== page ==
Though problems of gastrointestinal system are common in lupus, they can be difficult to diagnose due to the diverse nature of their presentation. Some people may have severe abdominal pain and chronic diarrhea, while others may present with symptoms of pseudo intestinal obstruction.
Gastrointestinal symptoms in lupus are caused due to mesenteric vasculitis (inflammation of blood vessels of intestine), thus there would be pain, malnutrition and weight loss.
Intestinal pseudo-obstruction is well-recognized, serious complication of lupus. It is caused due to dysfunction of enteric nerves and muscles. There can be severe abdominal distention, the absence of peristalsis, without identifiable organic obstruction. Early diagnosis is very important in such condition, as it is characterized by a high mortality rate(4).
Pancreatitis is a rare but life-threatening complication of lupus. Though the pathological mechanism is not known, vascular damage in the pancreas is considered to be behind it. Occlusion of arteries and arterioles leads to local necrosis (death of cells)(4).
Inflammatory bowel disease and celiac disease often coexist with lupus.
Lung problems is are quite common in lupus. One of the most common presentation is pleuritis, characterized by pain while inhaling or exhaling and accumulation of fluid in lung cavity. Most problems of lungs are caused due to inflammation of blood vessels. Timely diagnosis is important, else there is a high risk of infectious complications(5).
Though all the three layers (outer-pericardia, middle muscular-myocardia, inner-endocardia) of the heart may get diseased in lupus, inflammation of outer covering is most commonly diagnosed in the clinical settings. It is called pericarditis. Pericarditis is characterized by acute chest pain and can be treated.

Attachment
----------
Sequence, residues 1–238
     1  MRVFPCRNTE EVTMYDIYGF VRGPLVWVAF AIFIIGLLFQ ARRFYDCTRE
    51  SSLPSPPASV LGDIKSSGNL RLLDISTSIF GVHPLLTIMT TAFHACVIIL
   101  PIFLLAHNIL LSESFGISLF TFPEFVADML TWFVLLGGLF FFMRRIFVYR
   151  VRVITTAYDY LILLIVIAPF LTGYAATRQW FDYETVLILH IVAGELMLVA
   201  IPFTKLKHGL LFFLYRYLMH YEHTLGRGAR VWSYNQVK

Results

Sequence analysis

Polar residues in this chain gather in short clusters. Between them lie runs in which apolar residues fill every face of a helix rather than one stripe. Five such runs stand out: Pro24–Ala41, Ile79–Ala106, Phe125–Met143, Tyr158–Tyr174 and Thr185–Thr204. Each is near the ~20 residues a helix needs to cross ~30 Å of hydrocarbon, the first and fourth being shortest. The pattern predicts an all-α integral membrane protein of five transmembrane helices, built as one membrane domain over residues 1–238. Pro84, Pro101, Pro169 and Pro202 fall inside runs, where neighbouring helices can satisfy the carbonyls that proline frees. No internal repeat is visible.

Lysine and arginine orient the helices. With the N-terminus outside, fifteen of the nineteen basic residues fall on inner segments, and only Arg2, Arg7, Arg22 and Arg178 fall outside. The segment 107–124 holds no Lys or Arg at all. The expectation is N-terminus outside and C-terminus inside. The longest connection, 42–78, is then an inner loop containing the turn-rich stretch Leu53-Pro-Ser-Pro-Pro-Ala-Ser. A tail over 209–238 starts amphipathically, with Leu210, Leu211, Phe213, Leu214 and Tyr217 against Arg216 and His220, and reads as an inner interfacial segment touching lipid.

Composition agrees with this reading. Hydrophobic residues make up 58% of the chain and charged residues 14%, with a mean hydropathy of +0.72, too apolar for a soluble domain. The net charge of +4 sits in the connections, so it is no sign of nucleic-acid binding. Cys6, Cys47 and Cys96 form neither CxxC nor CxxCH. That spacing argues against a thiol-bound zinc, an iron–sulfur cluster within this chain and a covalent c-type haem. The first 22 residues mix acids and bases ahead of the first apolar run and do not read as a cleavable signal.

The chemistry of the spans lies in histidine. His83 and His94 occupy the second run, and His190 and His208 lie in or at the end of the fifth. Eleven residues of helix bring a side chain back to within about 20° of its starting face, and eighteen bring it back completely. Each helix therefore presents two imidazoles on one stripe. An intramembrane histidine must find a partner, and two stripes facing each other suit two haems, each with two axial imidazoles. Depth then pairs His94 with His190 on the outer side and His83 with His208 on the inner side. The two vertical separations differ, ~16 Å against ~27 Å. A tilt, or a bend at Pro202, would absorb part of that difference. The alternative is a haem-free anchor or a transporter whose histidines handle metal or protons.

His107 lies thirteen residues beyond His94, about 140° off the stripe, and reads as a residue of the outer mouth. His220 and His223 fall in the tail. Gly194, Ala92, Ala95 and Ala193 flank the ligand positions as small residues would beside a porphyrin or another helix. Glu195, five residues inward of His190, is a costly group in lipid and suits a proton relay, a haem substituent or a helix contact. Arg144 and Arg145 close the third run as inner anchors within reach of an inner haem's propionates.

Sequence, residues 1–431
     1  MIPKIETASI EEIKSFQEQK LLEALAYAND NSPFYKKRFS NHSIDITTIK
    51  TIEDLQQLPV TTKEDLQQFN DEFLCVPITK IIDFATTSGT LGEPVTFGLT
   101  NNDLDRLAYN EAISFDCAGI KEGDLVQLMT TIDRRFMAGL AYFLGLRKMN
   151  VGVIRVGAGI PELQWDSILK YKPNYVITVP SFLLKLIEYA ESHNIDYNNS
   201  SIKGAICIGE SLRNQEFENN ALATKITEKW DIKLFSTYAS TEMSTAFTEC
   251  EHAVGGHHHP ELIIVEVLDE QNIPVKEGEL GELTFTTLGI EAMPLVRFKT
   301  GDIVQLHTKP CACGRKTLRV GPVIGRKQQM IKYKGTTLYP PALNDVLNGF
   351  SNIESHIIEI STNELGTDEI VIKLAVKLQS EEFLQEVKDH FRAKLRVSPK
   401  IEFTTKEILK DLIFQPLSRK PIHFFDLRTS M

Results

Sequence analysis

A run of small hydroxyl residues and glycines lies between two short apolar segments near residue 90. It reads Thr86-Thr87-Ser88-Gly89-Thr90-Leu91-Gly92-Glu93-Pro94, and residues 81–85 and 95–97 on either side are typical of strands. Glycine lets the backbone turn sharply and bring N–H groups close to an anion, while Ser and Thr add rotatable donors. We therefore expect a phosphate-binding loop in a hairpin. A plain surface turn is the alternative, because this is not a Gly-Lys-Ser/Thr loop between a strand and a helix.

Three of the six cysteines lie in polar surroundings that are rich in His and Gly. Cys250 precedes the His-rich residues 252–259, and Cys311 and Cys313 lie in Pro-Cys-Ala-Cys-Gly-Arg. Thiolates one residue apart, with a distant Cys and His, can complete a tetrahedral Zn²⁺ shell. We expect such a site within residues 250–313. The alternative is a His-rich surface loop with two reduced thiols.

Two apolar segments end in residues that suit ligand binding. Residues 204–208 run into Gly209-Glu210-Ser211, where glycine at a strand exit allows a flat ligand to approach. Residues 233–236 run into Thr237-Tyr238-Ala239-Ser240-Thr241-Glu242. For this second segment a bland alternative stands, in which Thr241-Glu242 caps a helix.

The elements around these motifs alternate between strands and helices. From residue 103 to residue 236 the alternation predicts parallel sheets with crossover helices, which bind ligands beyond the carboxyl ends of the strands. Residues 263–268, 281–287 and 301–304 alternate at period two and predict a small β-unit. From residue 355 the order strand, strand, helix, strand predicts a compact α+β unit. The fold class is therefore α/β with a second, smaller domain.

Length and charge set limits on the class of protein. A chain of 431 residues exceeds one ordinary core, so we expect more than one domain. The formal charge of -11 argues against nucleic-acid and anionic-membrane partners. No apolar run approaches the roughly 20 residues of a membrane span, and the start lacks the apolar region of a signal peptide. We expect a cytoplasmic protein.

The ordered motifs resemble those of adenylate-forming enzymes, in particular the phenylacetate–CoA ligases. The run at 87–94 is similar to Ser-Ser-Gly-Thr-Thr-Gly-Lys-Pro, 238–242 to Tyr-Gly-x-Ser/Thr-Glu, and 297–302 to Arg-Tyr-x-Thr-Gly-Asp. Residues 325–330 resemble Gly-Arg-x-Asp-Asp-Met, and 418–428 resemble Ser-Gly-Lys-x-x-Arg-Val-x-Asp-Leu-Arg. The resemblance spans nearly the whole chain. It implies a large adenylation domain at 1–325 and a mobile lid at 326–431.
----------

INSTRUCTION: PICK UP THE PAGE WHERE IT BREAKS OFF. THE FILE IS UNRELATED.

Disease of the inner layer that is endocardia may often lead to disease of cardiac valves.
People suffering from lupus are also more prone to various types and degrees of cardiac arrhythmias.
As lupus affects the blood vessels, it means that a person suffering from lupus is at much higher risk of developing cardiovascular disorders, which may manifest itself in form of angina pectoralis, or myocardial infarction(6).
Thus we see that lupus has a very diverse presentation. In most cases, these lesser-known manifestations would be found along with more classical signs of lupus-like malar rash and joint pain. But it is not rare to find these signs as the primary or initial symptom of lupus. When such rare kind of manifestations are present as a primary or main symptom of the disease it may be difficult to diagnose even by the best of the specialist in the field of lupus.
It is important to be aware of these lesser-known manifestations, as some of them are associated with high level of mortality if they remain undiagnosed for long because the treatment of lupus is very different from many other disorders with similar presentations.
In complications of lupus, immunosuppression with corticosteroid or other drugs would be the treatment of choice. While such drugs are contraindicated in most other disorders with similar manifestations.
Uva L, Miguel D, Pinheiro C, Freitas JP, Pedro O, Marques Gomes M, et al. Cutaneous Manifestations of Systemic Lupus Erythematosus. Autoimmune Dis. 2012;2012:15.
Ye Y, Zhao Y, Gong Y, Zhang X, Caulloo S, Zhang B, et al. Non-scarring patchy alopecia in patients with systemic lupus erythematosus differs from that of alopecia areata. Lupus. 2013 Dec;22(14):1439–45.
Tian X-P, Zhang X. Gastrointestinal involvement in systemic lupus erythematosus: Insight into pathogenesis, diagnosis and treatment. World J Gastroenterol WJG. 2010 Jun 28;16(24):2971–7.
Kamen DL, Strange C. Pulmonary manifestations of systemic lupus erythematosus. Clin Chest Med. 2010 Sep;31(3):479–88.
Ansari A, Larson PH. Heart Disease in Systemic Lupus Erythematosus: Diagnosis and Management. Tex Heart Inst J. 1985 Mar;12(1):9–21.